Stakeholder spotlight: Thang Ngo, Associate Director of Communications and Marketing at Multicultural NSW

Published 30 June 2023

Headshot of man looking at camera smiling

Thang came to Australia in the late 70s with his family, who were among the first Vietnamese refugees to arrive in Australia. The challenges he faced as a newly arrived refugee have given him an understanding of the critical importance of multicultural communications to the lives of migrants.

Today, Thang is an Associate Director, Communications and Marketing at Multicultural NSW and a board member of CORE Community Services.

We really appreciated you speaking at our recent Refugee Week event. Can you tell us why Refugee Week is important to you? What does the theme Finding Freedom mean to you?

We will never know the exact number, but it’s estimated that between 200,000 and 400,000 Vietnamese refugees died on the seas in search of freedom. For our community, freedom is literally priceless. For me it’s the opportunity to be me, to live in a relationship for the past 33 years with the man I love. Refugee Week is a time to reflect on the struggles and success of all refugees. It's a week rather than a day because you'd need at least that long to do it justice.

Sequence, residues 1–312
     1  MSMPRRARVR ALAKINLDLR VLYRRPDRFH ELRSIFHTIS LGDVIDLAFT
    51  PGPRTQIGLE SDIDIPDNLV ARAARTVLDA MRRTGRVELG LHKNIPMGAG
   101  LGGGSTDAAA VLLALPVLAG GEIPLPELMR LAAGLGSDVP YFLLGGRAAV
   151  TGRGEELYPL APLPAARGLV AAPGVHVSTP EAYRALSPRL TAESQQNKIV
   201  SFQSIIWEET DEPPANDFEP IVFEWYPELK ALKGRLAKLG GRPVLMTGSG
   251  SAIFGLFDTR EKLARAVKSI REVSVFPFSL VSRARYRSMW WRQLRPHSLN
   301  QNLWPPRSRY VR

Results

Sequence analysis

To what extent do you think discrimination adds to the challenges faced by refugee communities, and do you think this needs to be more widely recognised and addressed?

When we first arrived, we didn’t speak a word of English. I wore my pyjamas down to the shops not realising that it wasn’t the thing to do. When it was daylight savings switchover, we were always an hour too early or an hour too late. Most of my clothes were second hand, they never fitted, they never matched, they weren’t the nice clothes in the shop windows.

But don't judge refugees through a deficit lens. These challenges make us stronger, more determined. The first few years, when I couldn't speak English, I learnt to communicate in other ways, from picking up body language to saying thanks by doing chores for the neighbours. Not having things made me want to study harder, make my parents proud, make my new homeland proud.

Refugees are by nature risk takers, go getters and entrepreneurial – I mean who else chooses to leave everything behind? We have a thirst for knowledge and an unstoppable desire to succeed.

When refugees succeed, everyone around them benefits and NSW benefits. I feel we need to see refugees through the lens of being determined, strong members of society, rather than a hopeless drain. That’s when we realise funding refugee support services is an investment in NSW, not a cost burden.

Can you tell us about your role with Multicultural NSW and how it promotes social cohesion and community harmony?

Our CEO, Joseph La Posta says that every week is Refugee Week. He’s right, our organisation runs programs, manages grants, provides translation and interpreting services to help the people of NSW including those from a refugee background. Helping everyone settle effectively regardless of background will build a more successful and harmonious society. I'm privileged to be able to communicate to communities about our services and also to highlight the contribution of migrants and refugees to the success of our state.

Last updated:

04 Jul 2023

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